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Motivating Employees with NLP

by Guest Writter
NLP is a series of techniques that can help individuals and businesses achieve better results faster. For CEOs, NLP can be used in all day to day activities, including negotiation, selling, leadership, team management and employee engagement, as well as staying fully motivated as CEO. Given that CEOs need to inspire and motivate those around them, let’s look at how CEOs can create the environment where all staff are engaged.
Let’s assume:
  • the CEO and fellow directors have communicated clearly the organisation’s vision and values,
  • these are used as part of the recruitment process to recruit people who are right for the organisation
  • consequently, the organisation’s employees buy into its ethos, goals and vision.
One excellent method to enhance employee engagement using NLP is to ask all line managers to follow a two-stage process. The CEO would also do this with their line reports.
Stage 1
Each line manager has a conversation with each of their staff (approximately one hour, usually at the annual appraisal/performance review), to find out what really motivates them to perform, i.e. find out their values.
The manager would set the scene, by explaining:
  • they want their staff to be motivated, so that they’ll perform well, which will be good for the staff, the manager, the team and customers
  • their job as manager is to motivate the staff, and that they promise they will do everything they can, within their remit, to help the staff member have what they are looking for in their job
  • they’re not mind-readers, so cannot be expected to know what motivates their staff unless the staff tell them honestly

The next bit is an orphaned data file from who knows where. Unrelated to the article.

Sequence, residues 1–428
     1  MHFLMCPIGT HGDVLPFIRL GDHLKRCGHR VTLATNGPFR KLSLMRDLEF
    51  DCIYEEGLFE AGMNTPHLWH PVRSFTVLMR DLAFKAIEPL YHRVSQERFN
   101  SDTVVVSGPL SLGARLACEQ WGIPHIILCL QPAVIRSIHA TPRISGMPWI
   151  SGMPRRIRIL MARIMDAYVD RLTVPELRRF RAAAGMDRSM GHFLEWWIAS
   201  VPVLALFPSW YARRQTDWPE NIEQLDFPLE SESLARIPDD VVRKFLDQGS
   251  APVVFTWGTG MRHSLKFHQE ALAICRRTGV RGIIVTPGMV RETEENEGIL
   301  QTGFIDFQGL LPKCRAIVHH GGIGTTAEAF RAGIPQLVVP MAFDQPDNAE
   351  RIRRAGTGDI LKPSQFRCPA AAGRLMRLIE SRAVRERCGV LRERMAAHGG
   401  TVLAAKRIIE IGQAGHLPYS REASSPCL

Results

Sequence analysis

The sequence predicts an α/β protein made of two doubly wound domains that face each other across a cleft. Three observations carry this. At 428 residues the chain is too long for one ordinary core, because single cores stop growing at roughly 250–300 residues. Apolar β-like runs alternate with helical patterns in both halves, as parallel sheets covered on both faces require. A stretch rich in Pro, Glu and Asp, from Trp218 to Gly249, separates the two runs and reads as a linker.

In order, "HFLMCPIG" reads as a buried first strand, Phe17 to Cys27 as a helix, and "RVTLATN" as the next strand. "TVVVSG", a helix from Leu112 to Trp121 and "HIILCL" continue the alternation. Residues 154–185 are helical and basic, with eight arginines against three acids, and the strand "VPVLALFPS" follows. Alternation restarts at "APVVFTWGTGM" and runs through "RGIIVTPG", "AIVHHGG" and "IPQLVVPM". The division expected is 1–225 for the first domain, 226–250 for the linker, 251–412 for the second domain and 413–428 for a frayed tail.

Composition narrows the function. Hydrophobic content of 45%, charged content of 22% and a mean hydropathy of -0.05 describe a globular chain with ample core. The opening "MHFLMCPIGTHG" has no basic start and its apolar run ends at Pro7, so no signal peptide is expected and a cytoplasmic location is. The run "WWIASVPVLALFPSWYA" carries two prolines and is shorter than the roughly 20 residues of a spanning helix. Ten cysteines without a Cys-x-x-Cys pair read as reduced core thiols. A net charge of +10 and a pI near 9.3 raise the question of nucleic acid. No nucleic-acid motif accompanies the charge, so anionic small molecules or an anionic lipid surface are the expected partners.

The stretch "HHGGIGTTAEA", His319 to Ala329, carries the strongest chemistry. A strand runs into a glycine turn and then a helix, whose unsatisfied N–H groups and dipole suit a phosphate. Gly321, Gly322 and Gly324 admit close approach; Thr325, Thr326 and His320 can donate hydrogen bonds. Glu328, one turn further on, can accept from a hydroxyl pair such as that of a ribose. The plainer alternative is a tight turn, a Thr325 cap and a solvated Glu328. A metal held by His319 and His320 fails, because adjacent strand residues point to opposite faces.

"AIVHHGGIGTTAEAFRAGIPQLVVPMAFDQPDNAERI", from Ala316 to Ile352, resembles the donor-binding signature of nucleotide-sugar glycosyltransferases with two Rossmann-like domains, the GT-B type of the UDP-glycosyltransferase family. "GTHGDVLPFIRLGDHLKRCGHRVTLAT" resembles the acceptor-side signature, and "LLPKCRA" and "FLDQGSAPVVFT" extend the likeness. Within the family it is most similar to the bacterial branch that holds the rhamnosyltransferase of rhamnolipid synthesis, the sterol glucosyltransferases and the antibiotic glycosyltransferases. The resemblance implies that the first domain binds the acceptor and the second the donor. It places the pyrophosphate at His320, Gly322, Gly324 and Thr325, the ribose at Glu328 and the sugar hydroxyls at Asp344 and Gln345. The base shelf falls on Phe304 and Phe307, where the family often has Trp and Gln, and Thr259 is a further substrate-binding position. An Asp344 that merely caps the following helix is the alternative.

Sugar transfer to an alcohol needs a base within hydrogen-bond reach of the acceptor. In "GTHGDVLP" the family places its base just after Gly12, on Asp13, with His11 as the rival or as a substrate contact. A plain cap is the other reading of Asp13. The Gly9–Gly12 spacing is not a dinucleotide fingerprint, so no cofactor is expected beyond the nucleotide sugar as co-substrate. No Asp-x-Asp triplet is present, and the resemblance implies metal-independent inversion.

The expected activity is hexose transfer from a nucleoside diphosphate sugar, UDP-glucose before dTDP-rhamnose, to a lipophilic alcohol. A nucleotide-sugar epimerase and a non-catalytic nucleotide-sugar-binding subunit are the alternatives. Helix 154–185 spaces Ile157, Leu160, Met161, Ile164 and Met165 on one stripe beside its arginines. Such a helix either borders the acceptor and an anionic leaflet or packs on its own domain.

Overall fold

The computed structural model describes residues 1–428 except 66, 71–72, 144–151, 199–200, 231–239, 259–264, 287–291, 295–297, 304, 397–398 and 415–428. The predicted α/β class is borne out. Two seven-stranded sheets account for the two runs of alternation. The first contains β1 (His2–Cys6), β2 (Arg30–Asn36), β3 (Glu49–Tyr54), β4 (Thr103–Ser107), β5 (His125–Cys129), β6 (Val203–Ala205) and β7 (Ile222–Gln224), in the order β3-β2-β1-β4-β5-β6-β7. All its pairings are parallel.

They would then go through the following process:
  1. Ask “what’s important to you in your career/work/job?”, “what do you want/look for from your career/work/job?”, and write the answers (i.e. their values) in their words, without suggesting or conversing with them at this point (examples could be challenge, variety, recognition. Values are usually expressed in one or two words, not long phrases)
  2. Ask them to remember a previous situation (or two) when they felt really motivated and happy in their career/work/job. What was it about those situations that led to them feeling so motivated and happy? Add any new values to the list
  3. Show them the list. Ask, “if you had all this on your career, would I want it or is anything missing?” This is a ‘catch-all’ question; add any additional values to the list.
  4. Ask the staff member to rank the values A/B/C in order of importance, where A means absolutely essential (i.e. deal-breakers), B means important but not essential and C means ‘nice to have’.
  5. Check that this is a true representation by asking the staff member to imagine being in a career with the B and C Values compared to one with the A and B values. Which one would they choose? And would they want the one with all the A and B values? If they prefer the career with the B and C values, or are not really motivated by the thought of the career with the A and B values, re-visit steps 1 to 4.
Steps 1 to 5 takes about 10 minutes.
Because values are usually abstract (You don’t know what, for example, recognition, respect, challenge mean to someone else), for each of the values, delve a bit deeper to find out what they mean to the staff. The line manager must resist the temptation to make assumptions. Exploring each value typically takes around five minutes per value, hence the whole process takes about one hour.
At the end of the hour, the manager will know a huge amount about what motivates their staff.
Stage 2
The manager has to keep their promise, i.e. do whatever he/she can do to ensure that each of their staff members’ values are met. If circumstances change, the manager will need to explain and possibly re-negotiate.
Just about every person would respect their manager, and be extremely engaged, if their manager kept their promise. If managers do not keep their promises, they deserve to have de-motivated staff!
Imagine being the CEO of an organisation where all managers knew how to motivate each of their staff, and consequently where their staff were extremely engaged. Imagine the impact of profits, staff turnover, productivity, innovation and other key business metrics.
This is just one of many ways that NLP can help CEOs to deliver the results they seek.

About the Author

Jeremy Lazarus is the author of NLP: The Essential Handbook for Business. He is a certified NLP Master Trainer and business performance coach and owner of The Lazarus Consultancy Ltd, a niche NLP training company based in London.

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